The other thing is that, unlike other firms, we have many degreed engineers on staff, several professional licensed engineers and experienced technicians. Some firms have mostly technicians. Our combination of engineers and technicians are very, very good at what they do sharing their depth of knowledge and understanding that comes from the ability to reason well, and our staff does it well.  

CEOCFO: Do you find it easier to attract and maintain staff? Do people like to work at Huffman Engineering because you recognize their importance?  

Mr. Huffman: The easy answer to that would be “yes.” I think the way we value them is the differentiator. We hire smart people. We challenge them. We give them responsibility. We give them the opportunity to brush up against the guard rails of failure, so they are not given slam dunk jobs, they are given hard things to do, and then they do it. Another thing is that they realize that what we do, working in water, pharmaceuticals, or food, or in electrical utilities; we are doing work that brings value to our communities and to society in general. I think that is a key factor as well.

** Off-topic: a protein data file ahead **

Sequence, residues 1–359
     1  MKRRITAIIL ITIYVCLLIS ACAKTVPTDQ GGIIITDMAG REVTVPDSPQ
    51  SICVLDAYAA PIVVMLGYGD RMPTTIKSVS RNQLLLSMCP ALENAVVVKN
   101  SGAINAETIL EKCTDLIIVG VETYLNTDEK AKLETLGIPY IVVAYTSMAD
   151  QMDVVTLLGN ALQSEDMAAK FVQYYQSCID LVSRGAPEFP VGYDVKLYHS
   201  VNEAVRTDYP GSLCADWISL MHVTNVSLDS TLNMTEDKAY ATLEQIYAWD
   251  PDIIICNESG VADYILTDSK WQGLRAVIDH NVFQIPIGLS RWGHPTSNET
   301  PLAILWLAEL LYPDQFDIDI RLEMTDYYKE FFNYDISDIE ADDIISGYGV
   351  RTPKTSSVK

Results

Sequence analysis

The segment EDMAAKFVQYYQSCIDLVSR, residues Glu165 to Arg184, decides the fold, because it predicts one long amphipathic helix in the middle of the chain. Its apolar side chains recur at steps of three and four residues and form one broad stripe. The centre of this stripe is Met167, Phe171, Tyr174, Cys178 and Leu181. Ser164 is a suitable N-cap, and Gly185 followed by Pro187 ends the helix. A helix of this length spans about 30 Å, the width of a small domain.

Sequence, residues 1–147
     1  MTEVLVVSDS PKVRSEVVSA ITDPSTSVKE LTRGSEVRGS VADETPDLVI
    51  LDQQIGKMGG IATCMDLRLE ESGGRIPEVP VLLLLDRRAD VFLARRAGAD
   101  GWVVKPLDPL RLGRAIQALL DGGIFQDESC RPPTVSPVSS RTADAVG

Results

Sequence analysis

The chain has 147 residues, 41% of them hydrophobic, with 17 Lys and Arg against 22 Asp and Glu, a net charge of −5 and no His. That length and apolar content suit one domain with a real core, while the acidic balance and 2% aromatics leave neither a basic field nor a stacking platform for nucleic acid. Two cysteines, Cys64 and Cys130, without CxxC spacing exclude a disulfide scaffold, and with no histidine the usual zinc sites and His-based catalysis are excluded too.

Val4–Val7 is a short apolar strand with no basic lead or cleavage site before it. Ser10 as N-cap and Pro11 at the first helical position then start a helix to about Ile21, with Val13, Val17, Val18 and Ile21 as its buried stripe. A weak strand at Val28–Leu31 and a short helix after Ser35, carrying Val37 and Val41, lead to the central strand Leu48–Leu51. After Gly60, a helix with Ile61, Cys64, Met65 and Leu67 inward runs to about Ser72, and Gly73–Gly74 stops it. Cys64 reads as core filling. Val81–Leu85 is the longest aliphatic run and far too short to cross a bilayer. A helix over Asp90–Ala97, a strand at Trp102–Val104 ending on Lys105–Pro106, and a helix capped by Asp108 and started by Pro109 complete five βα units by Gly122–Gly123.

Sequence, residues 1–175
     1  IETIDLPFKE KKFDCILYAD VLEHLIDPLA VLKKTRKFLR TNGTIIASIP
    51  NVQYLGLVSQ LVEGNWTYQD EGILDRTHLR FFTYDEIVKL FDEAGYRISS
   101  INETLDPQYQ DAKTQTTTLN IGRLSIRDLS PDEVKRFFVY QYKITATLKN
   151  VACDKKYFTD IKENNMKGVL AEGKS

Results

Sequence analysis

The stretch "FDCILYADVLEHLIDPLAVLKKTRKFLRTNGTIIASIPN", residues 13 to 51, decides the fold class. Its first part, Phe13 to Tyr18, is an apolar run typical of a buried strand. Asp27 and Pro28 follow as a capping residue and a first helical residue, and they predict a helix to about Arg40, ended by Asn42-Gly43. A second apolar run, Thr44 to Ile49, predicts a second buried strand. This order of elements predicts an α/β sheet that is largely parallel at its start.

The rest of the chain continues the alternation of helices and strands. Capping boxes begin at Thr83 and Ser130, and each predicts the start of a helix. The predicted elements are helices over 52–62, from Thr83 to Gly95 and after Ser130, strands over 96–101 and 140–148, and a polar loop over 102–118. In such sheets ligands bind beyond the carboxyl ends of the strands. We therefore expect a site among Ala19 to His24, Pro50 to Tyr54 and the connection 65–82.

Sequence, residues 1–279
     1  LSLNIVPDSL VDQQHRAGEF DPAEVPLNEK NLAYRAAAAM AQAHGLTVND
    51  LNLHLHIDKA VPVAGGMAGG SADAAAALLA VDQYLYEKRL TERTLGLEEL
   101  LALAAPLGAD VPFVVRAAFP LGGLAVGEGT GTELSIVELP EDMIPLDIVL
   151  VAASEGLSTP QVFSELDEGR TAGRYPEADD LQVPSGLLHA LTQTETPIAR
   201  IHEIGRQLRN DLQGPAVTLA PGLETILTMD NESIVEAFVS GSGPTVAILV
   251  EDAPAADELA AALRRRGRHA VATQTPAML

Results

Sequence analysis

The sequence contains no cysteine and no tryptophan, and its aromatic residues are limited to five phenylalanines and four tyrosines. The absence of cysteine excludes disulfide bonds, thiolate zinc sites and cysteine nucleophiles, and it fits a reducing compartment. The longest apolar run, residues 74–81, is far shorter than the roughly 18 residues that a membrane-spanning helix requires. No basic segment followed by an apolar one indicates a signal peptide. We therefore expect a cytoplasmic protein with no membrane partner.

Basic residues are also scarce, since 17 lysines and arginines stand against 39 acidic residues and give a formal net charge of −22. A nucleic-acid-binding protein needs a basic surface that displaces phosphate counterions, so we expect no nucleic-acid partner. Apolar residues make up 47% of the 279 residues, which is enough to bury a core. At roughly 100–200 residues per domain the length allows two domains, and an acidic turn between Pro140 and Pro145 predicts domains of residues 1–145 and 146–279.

Ms. Huffman: Hand in hand with that, I think that we really value professional development. We make sure that our people have the mentoring and training, whether it is paid for or side by side training, that they need to do their jobs well. The other thing that we provide for them is up to date tools and the types of things that they need to do their jobs well. Therefore, they make a difference, they have the means to do it, and they have a good support system and ability to grow.

CEOCFO: There are so many changes in technology. How do you design a project that is the best it can be at the moment, but will not be replaced by something a little better 6 months down the line?

Mr. Huffman: That is a very good question, because you want to be out on the leading edge, but you do not want to be on the bleeding edge. We have limited the number of hardware platforms that we work with to in general three. There are the main manufacturers, Rockwell, Schneider and Siemens. Then we have them come in and give periodic updates on what they have done, and using their same stuff over and over, we get good at it and knowing what it can and cannot do. However, it is a valid question.

Consider this. Smart phones last a couple of years, and we are putting in complex computerized systems. Some of them have been in for 20/25 years. They are grossly out of date, but they still work. Therefore, it is an issue that all manufacturing facilities and utilities have to deal with. Why replace something that is working? It’s a valid question and one we work through with our customers. It’s gratifying to see a well-executed change work well and new automation that can prevent an unplanned shut-down.